It is within its compact downtown that you'll find the hive of performing arts activity known as the Theater District. And the Chippewa Club Zone. And Buffalo Place, with its pedestrian mall and reputation as festival central. And the HSBC Arena (formerly Marine-Midland), where the NHL Buffalo Sabres skate.
It is here that Buffalo City Hall, a 1929 Art Deco masterpiece, rises like a gaudily-bedecked matron, and the French Renaissance-style Ellicott Square Building still stands, finished in 1896 and at the time the largest office building in the world. It is here that the Baroque interior of Shea's Performing Arts Center serves as an anchor for the 20-block Theater District.
And it's true: Buffalo chicken wings actually were created here, thanks to a stray shipment of wings that made its way to the Anchor Bar in the mid-1960s. Buffalo is also home to the Beef on Weck sandwich and is the Friday fish fry capital of the world. And all you kazoo players out there should know that this all-American instrument first saw the light of day at the Original American Kazoo Company in Eden, south of Buffalo.
Oh yes. Lest we forget. Buffalo is a mere 25 miles from what has been called one of the seven natural wonders of the world. For 11 million visitors a year, The Falls alone are attraction enough.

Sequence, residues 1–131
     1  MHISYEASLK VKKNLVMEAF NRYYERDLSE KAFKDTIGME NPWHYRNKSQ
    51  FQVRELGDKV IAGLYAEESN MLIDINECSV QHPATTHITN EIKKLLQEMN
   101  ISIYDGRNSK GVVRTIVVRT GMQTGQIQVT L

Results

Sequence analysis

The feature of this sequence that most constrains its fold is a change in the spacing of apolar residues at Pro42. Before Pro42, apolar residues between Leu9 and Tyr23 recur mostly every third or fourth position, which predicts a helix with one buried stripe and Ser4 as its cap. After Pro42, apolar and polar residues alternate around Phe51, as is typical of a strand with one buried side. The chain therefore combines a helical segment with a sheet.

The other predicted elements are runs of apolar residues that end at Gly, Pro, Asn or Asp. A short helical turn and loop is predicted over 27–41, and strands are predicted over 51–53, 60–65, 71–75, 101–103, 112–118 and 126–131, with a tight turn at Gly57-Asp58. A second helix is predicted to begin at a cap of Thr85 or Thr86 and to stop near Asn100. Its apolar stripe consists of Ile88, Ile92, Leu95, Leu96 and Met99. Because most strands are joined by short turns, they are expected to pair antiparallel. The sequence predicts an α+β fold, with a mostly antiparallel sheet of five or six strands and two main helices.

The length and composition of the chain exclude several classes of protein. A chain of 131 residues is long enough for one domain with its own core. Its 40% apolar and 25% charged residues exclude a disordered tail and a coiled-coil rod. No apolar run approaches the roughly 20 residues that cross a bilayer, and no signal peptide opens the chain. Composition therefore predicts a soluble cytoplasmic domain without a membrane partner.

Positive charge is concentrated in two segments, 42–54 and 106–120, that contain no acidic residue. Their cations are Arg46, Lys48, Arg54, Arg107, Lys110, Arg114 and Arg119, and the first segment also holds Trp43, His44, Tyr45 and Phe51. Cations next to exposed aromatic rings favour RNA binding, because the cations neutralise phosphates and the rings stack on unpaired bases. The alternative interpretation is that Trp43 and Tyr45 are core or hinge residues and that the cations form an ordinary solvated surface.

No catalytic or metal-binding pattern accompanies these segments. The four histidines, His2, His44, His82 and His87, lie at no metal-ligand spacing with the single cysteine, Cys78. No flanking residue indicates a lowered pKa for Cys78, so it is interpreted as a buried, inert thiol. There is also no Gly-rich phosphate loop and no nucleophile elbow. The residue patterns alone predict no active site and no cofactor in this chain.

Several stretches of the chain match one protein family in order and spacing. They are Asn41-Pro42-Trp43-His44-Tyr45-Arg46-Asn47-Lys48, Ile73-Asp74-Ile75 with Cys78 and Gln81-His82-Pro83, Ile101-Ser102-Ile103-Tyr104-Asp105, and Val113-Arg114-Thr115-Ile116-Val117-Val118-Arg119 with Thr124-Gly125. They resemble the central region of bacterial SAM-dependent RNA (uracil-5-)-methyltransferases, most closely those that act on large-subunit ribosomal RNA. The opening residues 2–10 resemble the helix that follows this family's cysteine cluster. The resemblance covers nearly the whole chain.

Now comes a mystery: How did Buffalo get its name? Woolly bison have never been part of the landscape (except inside the Buffalo Zoo). One theory has the first settlers, seeing Indians in the area, giving the name Buffaloe's Creek to what is now the Buffalo River. Another stems from the French influence in the area. A French missionary-explorer, dazzled by the beauty of the Niagara River, called it beau fleuve or beautiful river--and this eventually came to be mispronounced "Buffalo" by the locals.
Whatever the story behind the name of the city (which was originally called New Amsterdam), one thing is no mystery: This City of Good Neighbors offers all its visitors small-town hospitality in a big-city environment. So, feel free to look around and explore--be it ethnically-diverse cuisine, high-caliber theater, Elmwood Avenue's Victorian mansions, or the Chippewa Club Zone's sizzling nightlife. You're sure to find something to your liking.